A similar trend was in evidence throughout the Old South, most of the states of which had, during the last years of the 19th and first years of the 20th centuries, embraced the permanent disenfranchisement of those with felony convictions as a part of their Jim Crow edifice. It was also in evidence in Iowa (and in several of the mountain West states) the constitutions of which, written in the early years of the 20th century, had borrowed heavily from the Jim Crow constitutions of the post-Reconstruction South.
By 2020, nearly 1.5 million Floridians had felony records, and despite the passage of a vote-restoration ballot initiative in 2018, GOP legislators are still doing everything in their power to limit the ability of those with felony records to get their right to vote restored.
More generally, from the Reagan years onward, GOP operatives at the state and national level have gone out of their way to undermine free and fair voting processes: contracting with companies to manufacture voting machines that had no paper back-up; making it ever-harder for students to register to vote; imposing ID requirements that made it more difficult for low-income and residents of color to cast ballots; closing down polling stations in low-income urban neighborhoods, and so on.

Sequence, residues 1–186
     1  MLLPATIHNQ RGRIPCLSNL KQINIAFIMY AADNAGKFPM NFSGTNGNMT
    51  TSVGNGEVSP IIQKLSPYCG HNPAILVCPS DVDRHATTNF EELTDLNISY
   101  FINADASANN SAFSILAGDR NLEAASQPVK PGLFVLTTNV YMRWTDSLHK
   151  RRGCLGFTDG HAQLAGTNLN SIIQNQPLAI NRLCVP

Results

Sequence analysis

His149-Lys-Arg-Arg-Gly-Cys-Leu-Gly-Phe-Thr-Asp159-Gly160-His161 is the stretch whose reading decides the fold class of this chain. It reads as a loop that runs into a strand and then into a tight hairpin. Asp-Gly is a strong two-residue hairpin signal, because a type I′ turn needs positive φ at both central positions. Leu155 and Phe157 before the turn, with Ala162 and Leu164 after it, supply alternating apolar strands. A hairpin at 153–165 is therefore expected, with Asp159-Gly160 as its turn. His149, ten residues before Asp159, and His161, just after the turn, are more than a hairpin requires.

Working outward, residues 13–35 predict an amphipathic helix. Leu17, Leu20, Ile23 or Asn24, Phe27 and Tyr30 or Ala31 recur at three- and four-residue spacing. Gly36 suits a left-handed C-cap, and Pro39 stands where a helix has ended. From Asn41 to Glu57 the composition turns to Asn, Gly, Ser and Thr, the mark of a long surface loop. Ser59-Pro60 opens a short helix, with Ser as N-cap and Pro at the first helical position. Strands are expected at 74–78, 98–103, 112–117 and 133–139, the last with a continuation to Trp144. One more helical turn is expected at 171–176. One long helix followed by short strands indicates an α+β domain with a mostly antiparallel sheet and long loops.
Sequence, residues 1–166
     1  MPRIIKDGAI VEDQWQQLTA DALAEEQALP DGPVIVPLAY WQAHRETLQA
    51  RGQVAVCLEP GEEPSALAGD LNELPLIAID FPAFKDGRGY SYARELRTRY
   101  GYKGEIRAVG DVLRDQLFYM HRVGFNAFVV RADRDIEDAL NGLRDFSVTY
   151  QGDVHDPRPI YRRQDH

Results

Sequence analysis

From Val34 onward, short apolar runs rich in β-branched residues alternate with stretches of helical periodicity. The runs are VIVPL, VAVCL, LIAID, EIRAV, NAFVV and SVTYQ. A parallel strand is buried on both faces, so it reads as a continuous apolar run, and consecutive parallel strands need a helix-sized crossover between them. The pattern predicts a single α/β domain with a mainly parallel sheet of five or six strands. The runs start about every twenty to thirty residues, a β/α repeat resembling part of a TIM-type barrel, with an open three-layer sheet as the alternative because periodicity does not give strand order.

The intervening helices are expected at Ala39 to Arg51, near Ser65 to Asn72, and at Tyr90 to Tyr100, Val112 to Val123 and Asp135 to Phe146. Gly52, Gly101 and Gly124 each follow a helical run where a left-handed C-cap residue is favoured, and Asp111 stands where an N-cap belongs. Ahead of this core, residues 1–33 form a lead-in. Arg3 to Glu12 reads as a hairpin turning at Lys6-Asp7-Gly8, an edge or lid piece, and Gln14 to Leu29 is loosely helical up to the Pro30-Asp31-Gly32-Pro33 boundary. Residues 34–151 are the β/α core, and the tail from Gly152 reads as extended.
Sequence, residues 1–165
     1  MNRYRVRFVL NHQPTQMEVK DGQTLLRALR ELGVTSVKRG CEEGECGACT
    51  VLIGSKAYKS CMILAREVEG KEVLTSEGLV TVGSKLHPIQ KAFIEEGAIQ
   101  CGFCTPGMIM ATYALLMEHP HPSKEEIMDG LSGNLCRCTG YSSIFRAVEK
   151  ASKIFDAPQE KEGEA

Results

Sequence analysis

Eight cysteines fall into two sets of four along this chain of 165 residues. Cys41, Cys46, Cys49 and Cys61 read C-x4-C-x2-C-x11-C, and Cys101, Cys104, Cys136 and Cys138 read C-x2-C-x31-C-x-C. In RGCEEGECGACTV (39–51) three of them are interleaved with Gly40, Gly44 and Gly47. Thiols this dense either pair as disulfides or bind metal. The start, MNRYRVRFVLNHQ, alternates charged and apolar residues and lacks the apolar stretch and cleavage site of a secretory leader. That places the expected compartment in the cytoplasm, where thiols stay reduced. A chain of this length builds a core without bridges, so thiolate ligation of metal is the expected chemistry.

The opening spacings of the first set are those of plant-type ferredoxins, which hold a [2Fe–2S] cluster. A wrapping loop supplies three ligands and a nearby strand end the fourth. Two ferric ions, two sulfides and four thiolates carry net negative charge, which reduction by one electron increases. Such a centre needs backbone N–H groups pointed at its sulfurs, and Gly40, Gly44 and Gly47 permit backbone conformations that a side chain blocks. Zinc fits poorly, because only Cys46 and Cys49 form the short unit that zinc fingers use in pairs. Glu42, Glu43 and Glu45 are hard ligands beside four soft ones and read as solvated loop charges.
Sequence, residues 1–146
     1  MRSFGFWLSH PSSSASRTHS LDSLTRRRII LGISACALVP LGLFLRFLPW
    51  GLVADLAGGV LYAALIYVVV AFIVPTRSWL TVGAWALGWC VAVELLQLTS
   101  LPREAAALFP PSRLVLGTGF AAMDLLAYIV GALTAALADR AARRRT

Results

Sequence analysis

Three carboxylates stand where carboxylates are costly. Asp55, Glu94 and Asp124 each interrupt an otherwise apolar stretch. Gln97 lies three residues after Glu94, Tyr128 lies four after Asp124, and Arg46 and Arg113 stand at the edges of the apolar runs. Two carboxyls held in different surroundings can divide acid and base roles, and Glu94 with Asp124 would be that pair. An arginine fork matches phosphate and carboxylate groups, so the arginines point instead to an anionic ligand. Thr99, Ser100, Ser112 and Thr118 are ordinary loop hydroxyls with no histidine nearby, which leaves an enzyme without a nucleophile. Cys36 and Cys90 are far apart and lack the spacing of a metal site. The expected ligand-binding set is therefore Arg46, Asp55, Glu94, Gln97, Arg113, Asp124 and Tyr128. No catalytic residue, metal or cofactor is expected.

During the 2008 election season, I documented a range of these tactics in an article for Mother Jones. They included, in some counties, political operatives challenging the citizenship status of voters with Latinx-sounding names; and, elsewhere, sending out mass mailings to residents of low-income neighborhoods, and then, if the letters were returned as “undeliverable,” using that as evidence a person no longer lived at the address and challenging their voter registration.